NOTES

* This presentation of the UNCITRAL Digest is a slightly modified version of the original UNCITRAL text at <http://www.uncitral.org/pdf/english/clout/CISG-digest-2012-e.pdf>. The following modifications were made by the Institute of International Commercial Law of the Pace University School of Law:

   -    To enhance access to contents by computer search engines, we present in html rather than pdf;
 
   -    To facilitate direct focus on aspects of the Digests of most immediate interest, we inserted linked tables of contents at the outset of most presentations;
 
   -    To support UNCITRAL's recommendation to read more on the cases reported in the Digests, we provide mouse-click access to (i) CLOUT abstracts published by UNCITRAL (and to UNILEX case abstracts and other case abstracts); and also (ii) to full-text English translations of cases with links to original texts of cases, where available, in [bracketed citations] that we have added to UNCITRAL's footnotes; and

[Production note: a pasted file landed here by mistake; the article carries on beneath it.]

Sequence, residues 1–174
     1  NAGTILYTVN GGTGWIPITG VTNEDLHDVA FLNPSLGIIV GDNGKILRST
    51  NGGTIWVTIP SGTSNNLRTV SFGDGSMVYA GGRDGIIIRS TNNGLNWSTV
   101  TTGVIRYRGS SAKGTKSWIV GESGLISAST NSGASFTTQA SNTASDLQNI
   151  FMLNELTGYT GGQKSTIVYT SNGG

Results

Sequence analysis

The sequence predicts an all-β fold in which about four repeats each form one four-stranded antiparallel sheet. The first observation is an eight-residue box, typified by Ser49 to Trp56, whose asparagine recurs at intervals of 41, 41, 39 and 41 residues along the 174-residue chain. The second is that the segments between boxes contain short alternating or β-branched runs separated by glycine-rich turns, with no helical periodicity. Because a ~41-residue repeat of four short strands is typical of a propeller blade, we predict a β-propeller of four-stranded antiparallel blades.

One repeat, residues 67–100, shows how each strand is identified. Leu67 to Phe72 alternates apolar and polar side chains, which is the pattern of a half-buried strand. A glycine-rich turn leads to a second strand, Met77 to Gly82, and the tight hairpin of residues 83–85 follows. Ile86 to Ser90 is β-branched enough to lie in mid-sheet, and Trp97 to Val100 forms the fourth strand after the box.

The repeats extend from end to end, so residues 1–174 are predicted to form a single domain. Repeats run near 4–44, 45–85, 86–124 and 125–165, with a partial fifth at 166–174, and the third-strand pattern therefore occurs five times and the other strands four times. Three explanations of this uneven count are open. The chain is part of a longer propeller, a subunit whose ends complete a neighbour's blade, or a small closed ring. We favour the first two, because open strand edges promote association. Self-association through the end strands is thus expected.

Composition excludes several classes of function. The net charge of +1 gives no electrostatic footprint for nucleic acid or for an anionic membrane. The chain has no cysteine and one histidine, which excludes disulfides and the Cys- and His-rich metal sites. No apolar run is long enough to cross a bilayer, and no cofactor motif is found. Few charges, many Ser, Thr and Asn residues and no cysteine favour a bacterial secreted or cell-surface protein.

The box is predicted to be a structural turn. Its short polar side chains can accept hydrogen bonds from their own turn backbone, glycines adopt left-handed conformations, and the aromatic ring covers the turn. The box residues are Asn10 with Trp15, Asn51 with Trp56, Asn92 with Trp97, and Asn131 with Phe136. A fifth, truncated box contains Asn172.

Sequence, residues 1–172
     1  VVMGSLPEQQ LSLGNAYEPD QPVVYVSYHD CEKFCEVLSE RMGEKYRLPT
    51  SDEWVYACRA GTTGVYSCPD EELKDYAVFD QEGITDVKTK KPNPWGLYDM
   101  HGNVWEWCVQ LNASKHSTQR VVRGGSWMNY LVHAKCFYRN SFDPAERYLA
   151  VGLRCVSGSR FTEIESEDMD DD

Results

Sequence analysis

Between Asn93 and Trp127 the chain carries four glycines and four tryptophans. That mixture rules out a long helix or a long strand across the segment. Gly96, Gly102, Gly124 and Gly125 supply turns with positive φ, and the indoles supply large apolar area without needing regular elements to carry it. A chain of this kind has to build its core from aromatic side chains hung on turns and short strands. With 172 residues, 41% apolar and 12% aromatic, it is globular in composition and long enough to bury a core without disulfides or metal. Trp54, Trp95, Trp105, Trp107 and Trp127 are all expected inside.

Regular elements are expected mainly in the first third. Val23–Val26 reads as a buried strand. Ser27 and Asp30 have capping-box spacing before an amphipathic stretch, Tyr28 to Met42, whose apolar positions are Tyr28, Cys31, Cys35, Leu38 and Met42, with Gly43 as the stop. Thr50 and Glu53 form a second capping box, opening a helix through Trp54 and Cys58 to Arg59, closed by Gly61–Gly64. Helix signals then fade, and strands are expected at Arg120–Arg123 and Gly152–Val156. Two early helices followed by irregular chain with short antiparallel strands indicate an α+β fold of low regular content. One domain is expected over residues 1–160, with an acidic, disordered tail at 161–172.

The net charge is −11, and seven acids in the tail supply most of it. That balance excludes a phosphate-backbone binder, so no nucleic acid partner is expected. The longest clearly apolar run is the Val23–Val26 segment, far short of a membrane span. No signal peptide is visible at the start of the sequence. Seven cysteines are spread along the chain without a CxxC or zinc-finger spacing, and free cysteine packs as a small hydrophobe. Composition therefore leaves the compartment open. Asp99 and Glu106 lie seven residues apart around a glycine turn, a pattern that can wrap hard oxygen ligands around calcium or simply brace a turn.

-    To enable researchers to themselves keep the case citations provided in the Digests constantly current, we have created a series of tandem documents, UNCITRAL Digest Cases + Added Cases. The new cases and other cases that are cited in these updates are coded in accordance with UNCITRAL's Thesaurus.

1. "The Convention shall apply to all Australian States and mainland territories and to all external territories except the territories of Christmas Island, the Cocos (Keeling Islands) and the Ashmore and Cartier Islands." <http://treaties.un.org/Pages/ViewDetails.aspx?src=TREATY&mtdsg_no=X-10&chapter=10&lang=en>.